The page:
Persist Filtering Logic With Swift Combine

Data-driven Combine

Kevin Cheng
Jan 12 · 4 min read

In the previous episode, we successfully modeled a stream of values and had one simple operator (delay) attached to each value.

In this piece, we’re going to look into a few more operators, make them Codeable, and finally translate them into the Combine publisher at runtime.


Types of Operators

The ReactiveX website categorizes them roughly into 10 types: creating, transforming, filtering, combining, error handling, utility, conditional, mathematical/aggregate, backpressure, connectable-observable, and operators-to-convert observables. If you’re interested, ReactiveX has a good explanation for each type and operator.

Note: If you’re not familiar with RxSwift, Observable in RxSwift is equivalent to Publisher in Combine.

In the previous piece, we mentioned the delay operator, which is of the utility type. Today we’ll focus on persisting two operators in the filtering type.


The Filtering Operator

dropFirst

enum Operator {
case delay(seconds: Double)
case dropFirst(count: Int)
}

We can also easily convert this enum case into Publisher.

extension Operator {func applyPublisher<T>(_ publisher: AnyPublisher<T, Never>) -> AnyPublisher<T, Never> {  
switch
self {
case .dropFirst(let count):
return publisher.dropFirst(count).eraseToAnyPublisher()
//skip the rest of cases
}}}

Now, the dropFirst operator can be persisted and displayed in the list of operators.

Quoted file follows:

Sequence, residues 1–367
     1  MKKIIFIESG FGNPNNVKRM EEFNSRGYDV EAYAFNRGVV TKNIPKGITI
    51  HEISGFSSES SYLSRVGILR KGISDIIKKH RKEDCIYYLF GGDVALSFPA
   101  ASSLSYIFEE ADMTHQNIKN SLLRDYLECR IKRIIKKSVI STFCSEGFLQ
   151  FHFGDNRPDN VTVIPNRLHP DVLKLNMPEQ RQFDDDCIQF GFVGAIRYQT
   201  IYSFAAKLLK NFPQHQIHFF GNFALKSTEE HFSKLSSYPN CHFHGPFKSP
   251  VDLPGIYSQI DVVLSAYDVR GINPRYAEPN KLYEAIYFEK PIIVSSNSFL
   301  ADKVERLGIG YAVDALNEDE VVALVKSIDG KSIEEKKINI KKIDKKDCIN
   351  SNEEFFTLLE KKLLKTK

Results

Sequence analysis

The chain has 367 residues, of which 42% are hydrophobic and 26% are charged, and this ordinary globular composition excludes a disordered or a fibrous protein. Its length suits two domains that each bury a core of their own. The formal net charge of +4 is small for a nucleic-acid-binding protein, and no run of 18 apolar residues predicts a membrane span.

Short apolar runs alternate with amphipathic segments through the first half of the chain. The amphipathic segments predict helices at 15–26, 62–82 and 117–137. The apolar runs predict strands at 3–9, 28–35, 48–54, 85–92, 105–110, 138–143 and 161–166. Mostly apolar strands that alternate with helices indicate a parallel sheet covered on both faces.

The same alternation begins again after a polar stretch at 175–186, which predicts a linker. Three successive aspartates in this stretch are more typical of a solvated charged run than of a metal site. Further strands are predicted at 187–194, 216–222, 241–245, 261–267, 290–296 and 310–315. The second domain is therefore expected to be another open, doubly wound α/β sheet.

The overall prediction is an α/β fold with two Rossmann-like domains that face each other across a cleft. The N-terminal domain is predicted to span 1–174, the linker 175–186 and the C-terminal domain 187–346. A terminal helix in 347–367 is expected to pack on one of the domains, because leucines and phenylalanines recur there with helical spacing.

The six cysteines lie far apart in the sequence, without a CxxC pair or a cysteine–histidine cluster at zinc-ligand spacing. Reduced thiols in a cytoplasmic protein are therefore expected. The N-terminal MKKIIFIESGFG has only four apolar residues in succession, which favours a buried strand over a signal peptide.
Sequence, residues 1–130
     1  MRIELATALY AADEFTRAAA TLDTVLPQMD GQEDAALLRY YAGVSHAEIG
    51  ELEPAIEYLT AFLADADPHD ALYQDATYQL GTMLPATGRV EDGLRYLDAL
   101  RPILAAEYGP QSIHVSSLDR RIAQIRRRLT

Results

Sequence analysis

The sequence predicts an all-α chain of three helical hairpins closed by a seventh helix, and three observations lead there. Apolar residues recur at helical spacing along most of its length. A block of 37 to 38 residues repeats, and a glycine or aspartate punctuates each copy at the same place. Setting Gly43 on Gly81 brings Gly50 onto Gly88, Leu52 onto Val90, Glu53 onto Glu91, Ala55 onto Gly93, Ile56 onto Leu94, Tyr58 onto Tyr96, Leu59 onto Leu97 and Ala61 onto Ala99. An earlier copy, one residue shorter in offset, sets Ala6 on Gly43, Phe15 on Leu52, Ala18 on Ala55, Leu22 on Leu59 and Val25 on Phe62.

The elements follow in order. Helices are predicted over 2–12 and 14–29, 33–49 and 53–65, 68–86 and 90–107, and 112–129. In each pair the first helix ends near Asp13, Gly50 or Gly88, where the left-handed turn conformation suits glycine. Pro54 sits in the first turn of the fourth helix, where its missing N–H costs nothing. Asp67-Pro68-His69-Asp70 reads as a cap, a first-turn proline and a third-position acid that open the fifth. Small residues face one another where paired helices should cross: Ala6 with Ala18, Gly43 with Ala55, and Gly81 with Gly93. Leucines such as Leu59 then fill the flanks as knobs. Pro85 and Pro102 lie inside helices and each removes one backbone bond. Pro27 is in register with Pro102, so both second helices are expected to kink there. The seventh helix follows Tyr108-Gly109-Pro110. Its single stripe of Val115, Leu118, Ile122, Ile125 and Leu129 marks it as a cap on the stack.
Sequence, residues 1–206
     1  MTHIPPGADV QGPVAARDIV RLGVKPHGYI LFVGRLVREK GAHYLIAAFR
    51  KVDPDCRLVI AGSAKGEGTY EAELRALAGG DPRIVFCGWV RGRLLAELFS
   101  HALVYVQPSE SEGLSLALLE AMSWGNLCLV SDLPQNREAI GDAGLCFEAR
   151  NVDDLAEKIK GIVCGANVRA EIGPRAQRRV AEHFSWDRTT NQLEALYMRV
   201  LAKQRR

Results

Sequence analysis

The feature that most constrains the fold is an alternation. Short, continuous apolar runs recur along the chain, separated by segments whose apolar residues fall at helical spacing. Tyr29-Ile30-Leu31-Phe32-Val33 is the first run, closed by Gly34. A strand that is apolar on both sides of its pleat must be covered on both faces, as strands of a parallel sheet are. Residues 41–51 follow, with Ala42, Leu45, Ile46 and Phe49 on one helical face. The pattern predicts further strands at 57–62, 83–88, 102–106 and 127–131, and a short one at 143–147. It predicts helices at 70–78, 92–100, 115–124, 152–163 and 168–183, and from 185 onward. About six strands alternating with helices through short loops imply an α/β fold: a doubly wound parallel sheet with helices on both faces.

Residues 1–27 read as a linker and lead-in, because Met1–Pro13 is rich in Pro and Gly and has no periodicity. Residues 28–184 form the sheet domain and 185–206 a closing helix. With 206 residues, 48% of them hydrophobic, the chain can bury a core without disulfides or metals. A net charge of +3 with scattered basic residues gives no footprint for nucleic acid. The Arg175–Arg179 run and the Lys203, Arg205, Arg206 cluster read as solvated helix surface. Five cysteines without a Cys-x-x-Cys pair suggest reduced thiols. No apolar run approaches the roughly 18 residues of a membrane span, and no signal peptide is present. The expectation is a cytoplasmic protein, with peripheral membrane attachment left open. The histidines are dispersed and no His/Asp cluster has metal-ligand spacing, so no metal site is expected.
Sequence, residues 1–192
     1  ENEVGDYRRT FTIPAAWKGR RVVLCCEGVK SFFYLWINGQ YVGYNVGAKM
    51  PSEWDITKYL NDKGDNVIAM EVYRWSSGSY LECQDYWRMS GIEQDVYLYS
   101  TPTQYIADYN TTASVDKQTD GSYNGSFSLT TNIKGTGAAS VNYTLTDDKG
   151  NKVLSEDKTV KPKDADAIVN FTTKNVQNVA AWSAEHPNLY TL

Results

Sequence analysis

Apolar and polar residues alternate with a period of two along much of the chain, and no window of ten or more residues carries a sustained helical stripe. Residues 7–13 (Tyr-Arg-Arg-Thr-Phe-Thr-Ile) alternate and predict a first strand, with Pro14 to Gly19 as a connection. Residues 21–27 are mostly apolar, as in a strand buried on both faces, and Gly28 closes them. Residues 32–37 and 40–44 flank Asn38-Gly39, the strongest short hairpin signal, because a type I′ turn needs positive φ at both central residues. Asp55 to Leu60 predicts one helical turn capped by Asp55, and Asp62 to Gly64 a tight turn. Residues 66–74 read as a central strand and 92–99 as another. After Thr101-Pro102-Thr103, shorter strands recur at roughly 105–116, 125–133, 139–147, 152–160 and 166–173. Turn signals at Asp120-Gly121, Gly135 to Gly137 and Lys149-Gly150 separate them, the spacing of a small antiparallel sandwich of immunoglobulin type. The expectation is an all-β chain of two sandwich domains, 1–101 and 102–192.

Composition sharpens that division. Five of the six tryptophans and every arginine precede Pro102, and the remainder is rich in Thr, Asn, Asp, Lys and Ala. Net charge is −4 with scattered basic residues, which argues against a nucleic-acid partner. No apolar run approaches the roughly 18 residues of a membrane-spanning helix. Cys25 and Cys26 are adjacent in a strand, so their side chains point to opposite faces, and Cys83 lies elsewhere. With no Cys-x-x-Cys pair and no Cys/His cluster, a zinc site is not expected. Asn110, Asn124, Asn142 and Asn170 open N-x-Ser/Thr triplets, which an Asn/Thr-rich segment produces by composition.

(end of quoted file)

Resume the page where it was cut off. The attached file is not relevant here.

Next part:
Persisting dropFirst seems similar to the and delay operator. Perhaps, filtering is not so different from utility operators. Well, let’s try one more operator before we jump to that conclusion.

Filter

Let’s look closer at the filter method.

func filter(_ isIncluded: @escaping (Self.Output) -> Bool) -> Publishers.Filter<Self>

Its closure, isIncluded, takes a generic type and returns a boolean.

Is there anything in Foundation that represents logical conditions and returns a boolean? Ring any bells?

Filter with NSPredicate

Let’s go ahead and add filter in the enum.

enum Operator {
case delay(seconds: Double)
case dropFirst(count: Int)
case filter(expression: String)
}

All we need here is to filter expressions like %d !=3 or %@ != “D”; therefore, expression is our associate type. Likewise, we need to be able to move the filter enum into Publisher.

extension Operator {
func applyPublisher<T>(_ publisher: AnyPublisher<T, Never>) -> AnyPublisher<T, Never> {
switch
self {
case .filter(let expression):
return publisher.filter { value in
NSPredicate(format: expression,
argumentArray: [value])
.evaluate(with: nil) }.eraseToAnyPublisher()

//skip the rest of cases
}}}

As planned, we send the expression to NSPredicate along with the value sent upstream from Publisher.

Note that NSPredicate takes an array of arguments. Therefore, with some modification, it should work even when values are in tuple format, which is very common in reactive scenarios. We’ll get to that in the future when we talk about combined operators.

As you can see, the Filter Stream is added into this persisted array of operators and is converted into Publisher in order to filter the number 3 out of the upstream values.


Next Episode: Persist-Transforming Operators, Map, and Scan

You can find the source code here in this combine-magic-swifui repo under the combine-playground folder.

Better Programming

Advice for programmers.

Kevin Cheng

Written by

iOS engineer / entrepreneur / freelancer / San Francisco

Better Programming

Advice for programmers.

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